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Pre-Physician Assistant FAQ's

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Can I major in a pre-physician assistant program?

No, but students pursuing pre-physician assistant program may take all their necessary prerequisite courses here. While it is not absolutely necessary to have a bachelor's degree before entering physician assistant school, it is highly recommended. Students must choose a major, and their choice should reflect their interests. While many pre-physician assistant students choose to major in the sciences, it does not increase the student's chances of admission. In fact, admissions committees seek diversity in the majors they admit. A broad humanities and liberal arts background is encouraged. The major should be considered as the basis for future career or for graduate study in the event the student is not accepted into a physician assistant school.

Are my chances better if I apply to an out-of-state school?

Normally, state-supported schools are required by law to give preference to residents of that state. Many schools, both public and private, also indicate some preference of residents of neighboring states, and some schools participate in interest and regional agreements. Applicants should recognize that their best chances for admission are at schools within their own state or at private schools. Since the UW is so selective, plan accordingly, and have some back-up options.

Will I get an interview and how important is it?

Although applicants are first screened according to academic performance, the final choice is made after the applicants have been interviewed by the physician assistant school. During the interview, the student's motivation, maturity, poise, humanitarianism, and ability in expression are examined. As the final step of evaluation, the interview is very important.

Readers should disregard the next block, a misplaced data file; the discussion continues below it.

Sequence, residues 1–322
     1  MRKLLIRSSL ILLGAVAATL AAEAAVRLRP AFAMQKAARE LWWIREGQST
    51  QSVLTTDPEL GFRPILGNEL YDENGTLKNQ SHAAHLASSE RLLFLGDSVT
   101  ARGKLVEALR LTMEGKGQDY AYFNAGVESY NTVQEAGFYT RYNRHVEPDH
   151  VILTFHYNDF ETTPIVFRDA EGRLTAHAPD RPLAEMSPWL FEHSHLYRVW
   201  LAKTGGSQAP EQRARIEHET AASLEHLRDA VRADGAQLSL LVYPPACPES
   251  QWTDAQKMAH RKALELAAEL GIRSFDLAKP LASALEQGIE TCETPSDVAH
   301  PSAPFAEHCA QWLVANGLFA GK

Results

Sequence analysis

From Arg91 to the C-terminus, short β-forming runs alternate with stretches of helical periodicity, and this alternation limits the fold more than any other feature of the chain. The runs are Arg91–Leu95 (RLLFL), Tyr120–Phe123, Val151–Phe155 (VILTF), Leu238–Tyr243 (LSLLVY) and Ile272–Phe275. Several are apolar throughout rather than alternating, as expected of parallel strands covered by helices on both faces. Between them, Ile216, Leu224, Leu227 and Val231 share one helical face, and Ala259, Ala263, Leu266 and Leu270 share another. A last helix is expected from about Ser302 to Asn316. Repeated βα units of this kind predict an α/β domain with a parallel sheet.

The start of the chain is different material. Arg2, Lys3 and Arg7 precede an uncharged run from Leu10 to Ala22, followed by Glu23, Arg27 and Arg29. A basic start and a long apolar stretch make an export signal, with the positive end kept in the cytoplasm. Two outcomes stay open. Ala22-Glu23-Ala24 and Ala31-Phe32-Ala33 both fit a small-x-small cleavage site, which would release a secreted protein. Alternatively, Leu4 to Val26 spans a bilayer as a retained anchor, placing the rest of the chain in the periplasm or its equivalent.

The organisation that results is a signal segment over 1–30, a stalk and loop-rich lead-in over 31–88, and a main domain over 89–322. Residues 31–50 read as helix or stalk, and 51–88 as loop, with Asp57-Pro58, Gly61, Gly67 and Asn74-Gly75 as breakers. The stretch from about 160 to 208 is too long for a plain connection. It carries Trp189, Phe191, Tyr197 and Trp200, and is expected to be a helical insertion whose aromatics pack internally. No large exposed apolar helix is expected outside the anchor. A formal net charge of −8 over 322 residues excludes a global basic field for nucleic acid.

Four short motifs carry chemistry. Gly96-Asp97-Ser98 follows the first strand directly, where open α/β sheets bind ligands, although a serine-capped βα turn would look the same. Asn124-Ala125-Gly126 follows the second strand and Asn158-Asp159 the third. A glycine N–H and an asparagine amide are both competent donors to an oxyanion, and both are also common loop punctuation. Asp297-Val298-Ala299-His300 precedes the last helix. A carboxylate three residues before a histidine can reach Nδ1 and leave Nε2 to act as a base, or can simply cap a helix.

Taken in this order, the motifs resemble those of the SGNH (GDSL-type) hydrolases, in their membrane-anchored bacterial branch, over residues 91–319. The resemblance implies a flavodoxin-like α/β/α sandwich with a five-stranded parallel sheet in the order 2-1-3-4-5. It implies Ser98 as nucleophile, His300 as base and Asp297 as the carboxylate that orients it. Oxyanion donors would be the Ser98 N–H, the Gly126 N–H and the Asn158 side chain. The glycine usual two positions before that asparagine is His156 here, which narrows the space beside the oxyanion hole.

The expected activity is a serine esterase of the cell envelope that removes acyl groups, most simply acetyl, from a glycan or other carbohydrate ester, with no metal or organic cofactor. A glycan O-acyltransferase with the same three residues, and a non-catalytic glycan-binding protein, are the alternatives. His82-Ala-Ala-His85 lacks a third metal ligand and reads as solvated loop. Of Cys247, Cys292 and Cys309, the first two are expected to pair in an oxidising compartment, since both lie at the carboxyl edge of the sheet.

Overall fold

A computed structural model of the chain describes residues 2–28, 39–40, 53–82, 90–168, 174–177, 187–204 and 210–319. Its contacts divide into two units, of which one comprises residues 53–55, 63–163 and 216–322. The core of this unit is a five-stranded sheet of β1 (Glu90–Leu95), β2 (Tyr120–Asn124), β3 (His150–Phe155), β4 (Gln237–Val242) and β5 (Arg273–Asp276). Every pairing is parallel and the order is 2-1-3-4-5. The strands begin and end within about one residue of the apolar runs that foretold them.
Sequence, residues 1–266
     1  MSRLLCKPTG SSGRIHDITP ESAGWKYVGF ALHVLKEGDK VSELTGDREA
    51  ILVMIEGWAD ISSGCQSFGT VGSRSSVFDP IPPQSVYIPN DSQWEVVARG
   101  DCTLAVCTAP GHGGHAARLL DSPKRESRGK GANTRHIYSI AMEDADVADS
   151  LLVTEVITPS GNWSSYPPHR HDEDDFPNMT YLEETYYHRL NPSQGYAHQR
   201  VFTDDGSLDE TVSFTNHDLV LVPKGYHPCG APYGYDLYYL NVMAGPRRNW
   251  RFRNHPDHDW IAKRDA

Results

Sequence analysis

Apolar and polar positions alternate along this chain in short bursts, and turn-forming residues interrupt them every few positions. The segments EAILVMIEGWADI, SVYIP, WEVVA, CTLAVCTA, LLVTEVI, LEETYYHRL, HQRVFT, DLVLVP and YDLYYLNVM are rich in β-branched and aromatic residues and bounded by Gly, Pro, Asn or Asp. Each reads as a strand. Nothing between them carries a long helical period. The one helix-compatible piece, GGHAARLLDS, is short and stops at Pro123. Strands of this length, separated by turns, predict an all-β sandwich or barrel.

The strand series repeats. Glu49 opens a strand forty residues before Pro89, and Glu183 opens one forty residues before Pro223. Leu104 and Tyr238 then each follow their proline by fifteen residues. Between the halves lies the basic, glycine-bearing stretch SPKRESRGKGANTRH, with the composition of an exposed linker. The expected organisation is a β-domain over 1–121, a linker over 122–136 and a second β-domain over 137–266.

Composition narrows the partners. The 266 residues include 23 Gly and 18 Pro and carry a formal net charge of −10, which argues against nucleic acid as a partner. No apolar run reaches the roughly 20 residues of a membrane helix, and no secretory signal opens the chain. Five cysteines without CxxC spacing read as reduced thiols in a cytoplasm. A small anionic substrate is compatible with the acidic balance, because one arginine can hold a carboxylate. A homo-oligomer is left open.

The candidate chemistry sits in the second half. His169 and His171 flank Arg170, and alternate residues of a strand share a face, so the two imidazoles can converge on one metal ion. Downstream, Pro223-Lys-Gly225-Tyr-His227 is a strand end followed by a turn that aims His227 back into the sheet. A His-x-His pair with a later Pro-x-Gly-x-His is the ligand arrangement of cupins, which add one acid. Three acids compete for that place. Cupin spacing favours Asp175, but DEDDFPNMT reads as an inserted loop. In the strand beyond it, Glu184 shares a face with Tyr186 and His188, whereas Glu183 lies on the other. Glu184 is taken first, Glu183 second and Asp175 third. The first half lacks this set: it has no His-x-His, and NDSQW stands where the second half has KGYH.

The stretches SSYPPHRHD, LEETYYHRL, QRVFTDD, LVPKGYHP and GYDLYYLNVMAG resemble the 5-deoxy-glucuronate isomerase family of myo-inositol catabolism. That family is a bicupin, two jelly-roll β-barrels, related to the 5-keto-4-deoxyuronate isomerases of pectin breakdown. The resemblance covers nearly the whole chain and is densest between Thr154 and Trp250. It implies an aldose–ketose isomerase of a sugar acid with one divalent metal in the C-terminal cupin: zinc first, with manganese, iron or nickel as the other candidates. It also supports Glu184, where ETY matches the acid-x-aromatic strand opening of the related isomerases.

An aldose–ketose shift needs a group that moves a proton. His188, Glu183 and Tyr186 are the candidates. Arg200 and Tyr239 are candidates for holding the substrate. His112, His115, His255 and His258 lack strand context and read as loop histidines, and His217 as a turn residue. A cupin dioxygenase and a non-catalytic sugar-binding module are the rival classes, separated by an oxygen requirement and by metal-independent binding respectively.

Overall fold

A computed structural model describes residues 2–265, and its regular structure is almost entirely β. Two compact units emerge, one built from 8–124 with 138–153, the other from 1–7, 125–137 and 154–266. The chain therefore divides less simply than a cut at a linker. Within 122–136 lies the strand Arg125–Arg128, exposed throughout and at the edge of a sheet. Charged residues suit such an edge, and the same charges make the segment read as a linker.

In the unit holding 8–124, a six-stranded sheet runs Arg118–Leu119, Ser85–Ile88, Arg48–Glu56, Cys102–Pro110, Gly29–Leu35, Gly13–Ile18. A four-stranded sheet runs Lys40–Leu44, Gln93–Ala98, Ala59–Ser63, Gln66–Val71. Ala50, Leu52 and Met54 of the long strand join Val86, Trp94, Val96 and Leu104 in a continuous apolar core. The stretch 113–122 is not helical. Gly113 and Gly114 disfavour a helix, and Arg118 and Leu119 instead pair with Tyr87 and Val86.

How important are letters of recommendation?

Letters of recommendation are an important part of the selection process. Admission committees consider academic and character recommendations that applicants obtain from faculty members, physicians, and other persons. Letters of recommendation should discuss and critically evaluate the student's academic ability, strengths and weaknesses, motivation, maturity, difficulty of coursework attempted, and special attributes and assets. Recommendations are usually written between the applicant's third and fourth year of college. It is extremely important for students to develop working relationships with faculty members, physicians, and clinical supervisors in order to earn good letters of recommendation.

Do I need to volunteer or have observation experience?

Absolutely. Volunteer work experience is highly recommended, and observation experience is required. Exposure to health related settings is becoming increasingly important as an admission factor. It is assumed that a qualified applicant will have not only a general understanding of the profession, but also a demonstrated interest and knowledge of what it means to be a physician assistant. Good candidates will also demonstrate commitment to community through volunteer experience.


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